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Blog Short #144: Do What You Say You Will Do

Photo by Suchat longthara, Courtesy of iStock Photo

How often have you heard the advice: “Do what you say you will do!”?

It’s good advice because your reputation is on the line when you falter. More importantly, you lose people’s trust if it happens a lot.

But it’s not always easy to do. And sometimes you do it without really thinking about it.

Today we’ll go through how and why this happens and what you can do to change it.

Let’s start with why it happens.

Reasons People Default

The People-Pleaser

People pleasers are in the habit of saying yes, sometimes without thinking. They get focused on the immediate request and feel compelled to accommodate. The need to please overrides a careful consideration of what saying yes will mean.

You might follow through and likely mean to, but sometimes forget that you said yes to whatever it was, and when the time comes for you to make good on that promise, you either don’t show up because you forgot or you make an excuse to get out of it and then feel guilty.

The Avoidant

People who tend towards avoidance may say yes just to end the conversation. They don’t want to deal with someone’s disappointment or explain why they can’t do what’s requested. They especially don’t want someone to try and sell them on something and keep having to say no.

A quick yes gets them off the hook for the time being, and they’ll figure out how to get out of it later or simply forget it and never say anything about it again.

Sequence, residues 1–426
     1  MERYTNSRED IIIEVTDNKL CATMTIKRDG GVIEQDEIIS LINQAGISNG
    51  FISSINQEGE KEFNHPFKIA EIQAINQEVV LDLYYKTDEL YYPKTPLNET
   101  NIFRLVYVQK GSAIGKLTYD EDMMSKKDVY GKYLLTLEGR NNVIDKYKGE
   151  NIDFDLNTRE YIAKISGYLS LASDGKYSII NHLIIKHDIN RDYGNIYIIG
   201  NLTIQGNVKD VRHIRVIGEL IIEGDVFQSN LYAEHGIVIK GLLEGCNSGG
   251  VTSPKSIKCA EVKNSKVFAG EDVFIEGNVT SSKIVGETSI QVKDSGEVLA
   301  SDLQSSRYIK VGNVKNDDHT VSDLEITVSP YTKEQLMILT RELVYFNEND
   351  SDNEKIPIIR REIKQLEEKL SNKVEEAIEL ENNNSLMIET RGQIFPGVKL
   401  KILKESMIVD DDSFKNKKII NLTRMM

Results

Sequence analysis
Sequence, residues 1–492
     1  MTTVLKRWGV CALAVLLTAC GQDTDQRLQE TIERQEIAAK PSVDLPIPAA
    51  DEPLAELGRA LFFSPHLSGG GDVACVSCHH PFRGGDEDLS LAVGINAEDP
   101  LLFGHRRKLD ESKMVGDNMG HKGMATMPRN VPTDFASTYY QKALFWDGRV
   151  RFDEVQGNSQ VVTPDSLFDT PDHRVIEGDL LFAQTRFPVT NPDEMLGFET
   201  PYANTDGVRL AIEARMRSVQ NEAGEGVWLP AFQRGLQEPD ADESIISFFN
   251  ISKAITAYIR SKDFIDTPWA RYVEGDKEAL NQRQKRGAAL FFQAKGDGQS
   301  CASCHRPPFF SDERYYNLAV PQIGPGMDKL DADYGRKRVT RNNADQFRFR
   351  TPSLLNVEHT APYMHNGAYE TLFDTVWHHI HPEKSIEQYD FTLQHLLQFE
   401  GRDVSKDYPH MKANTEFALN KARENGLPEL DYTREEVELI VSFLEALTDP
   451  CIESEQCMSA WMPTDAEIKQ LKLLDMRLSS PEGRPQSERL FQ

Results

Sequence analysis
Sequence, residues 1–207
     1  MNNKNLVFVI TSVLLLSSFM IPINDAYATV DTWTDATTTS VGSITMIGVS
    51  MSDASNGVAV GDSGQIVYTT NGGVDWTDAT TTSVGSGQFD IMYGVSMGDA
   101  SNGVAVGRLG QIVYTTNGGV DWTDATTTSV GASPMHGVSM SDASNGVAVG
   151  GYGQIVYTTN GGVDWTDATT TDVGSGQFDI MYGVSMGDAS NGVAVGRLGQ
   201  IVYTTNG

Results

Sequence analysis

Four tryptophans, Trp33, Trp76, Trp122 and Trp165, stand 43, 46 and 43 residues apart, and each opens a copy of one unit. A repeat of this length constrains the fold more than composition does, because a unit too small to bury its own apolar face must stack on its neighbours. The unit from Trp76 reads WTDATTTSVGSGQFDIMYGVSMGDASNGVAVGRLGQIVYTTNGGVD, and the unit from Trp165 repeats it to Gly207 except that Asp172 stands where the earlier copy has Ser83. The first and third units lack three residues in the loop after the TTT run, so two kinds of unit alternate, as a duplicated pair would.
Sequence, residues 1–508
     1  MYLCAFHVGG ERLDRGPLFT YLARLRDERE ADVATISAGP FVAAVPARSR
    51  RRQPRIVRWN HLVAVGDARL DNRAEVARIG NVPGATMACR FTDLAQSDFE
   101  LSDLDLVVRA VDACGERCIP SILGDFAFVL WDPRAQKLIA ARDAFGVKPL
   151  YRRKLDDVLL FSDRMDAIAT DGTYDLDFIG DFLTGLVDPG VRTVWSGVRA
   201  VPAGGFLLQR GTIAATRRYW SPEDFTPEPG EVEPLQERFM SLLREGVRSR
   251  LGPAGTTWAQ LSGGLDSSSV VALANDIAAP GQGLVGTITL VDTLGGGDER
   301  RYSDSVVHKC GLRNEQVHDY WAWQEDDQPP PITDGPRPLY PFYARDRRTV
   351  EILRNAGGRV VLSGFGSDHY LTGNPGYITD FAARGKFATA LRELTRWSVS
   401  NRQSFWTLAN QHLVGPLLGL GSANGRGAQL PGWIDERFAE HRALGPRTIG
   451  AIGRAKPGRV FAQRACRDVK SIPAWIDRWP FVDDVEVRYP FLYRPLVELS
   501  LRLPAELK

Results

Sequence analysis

The Forgetter

People who forget a lot tend to make commitments quickly, and then it leaves their minds. They don’t remember and don’t have a system in place to compensate for that.

If this is you, on some level, you probably feel guilty about being this way, yet you make excuses for it and pass it off as “being ADD” or “just forgetful.” You might have ADD, but even if you do, you’ve internalized it as a personality characteristic that you accept and expect others to accept, even when your behavior impacts them negatively. You say, “That’s just the way I am. I can’t help it.”

The Enthusiast

You get excited and enthusiastic about new things, ideas, or activities and want to join up right now! You offer up your time quickly and are the first to commit.

People who do this tend to do it a lot and often find themselves overwhelmed, harried, and upset with themselves for not taking a moment to assess whether they had the time and energy to take on the new thing. Either they do what they promised, but not without complaints, or they have to back out at some point and leave the group stranded.

The Worrier

This one’s a bit like the people pleaser, but the reasons differ. You’re afraid that by saying no, there will be negative consequences. Someone will think less of you, be disappointed in you, or pass you over for someone who’s more accessible. You say yes begrudgingly to avoid the negative feelings or outcomes you imagine.

You might follow through more than the others to avoid backlash, but you’ll resent it on some level. Many will find a way to get out of the situation, or worse, start and then pull back, which usually brings more backlash and bad feelings.

The Unskilled

You lack the skills necessary to complete the task. You commit before evaluating whether you have the know-how to do what you’re promising.